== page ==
Remember that this device is still running Windows Mobile 6.1 so this means you can add all kinds of software to it: games, ebooks, enhanced media players, organizational applications, etc. I like to keep my scriptures handy so I legally added them free of charge using the YanCEyWare Reader application (don’t worry Bryce Yancey your donation is on its way). I chose that reader because I new it could easily handle large volumes like the Old Testament that have choked the MS Reader in the past. Mr. Yancey makes many royalty free books, including the King James Bible free available on his site. Then the next app I installed is a free one called TCMCP (The Core Pocket Media Player). This is an awesome open-source software that is no longer actively being developed; however there are still a few good souls out there making it work with WM 6.1. Anyway, after following a few installation instructions for the latest software version and Flash Pack I was able to view pretty much any video file on my iPAQ 910 and also view any You Tube file. Truly Awesome.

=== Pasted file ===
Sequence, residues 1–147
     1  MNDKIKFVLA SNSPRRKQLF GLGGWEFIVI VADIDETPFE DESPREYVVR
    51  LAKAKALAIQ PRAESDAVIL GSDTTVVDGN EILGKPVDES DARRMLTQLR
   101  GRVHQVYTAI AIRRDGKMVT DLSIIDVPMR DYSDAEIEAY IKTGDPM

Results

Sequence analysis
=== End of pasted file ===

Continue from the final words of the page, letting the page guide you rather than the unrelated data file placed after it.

Responsible Fatherhood?

So how do this wonderful gadget make me a better father? Easy:

    HP iPAQ 910c back

  • it helps me be the hero when we are lost
  • it keeps me from having to ask for directions
  • it keeps all of my Outlook contacts and appointments at my fingertips; no more missing doctor’s appointments or school events
  • it keeps me in touch with my world while on the go, making it possible to receive emails out at the beach (if I had a data plan or WiFi connection)
  • it entertains the little guy in a pinch; I’ve downloaded his favorite YouTube videos to my iPAQ 910c (yes TCMCP let’s you do that!) for emergencies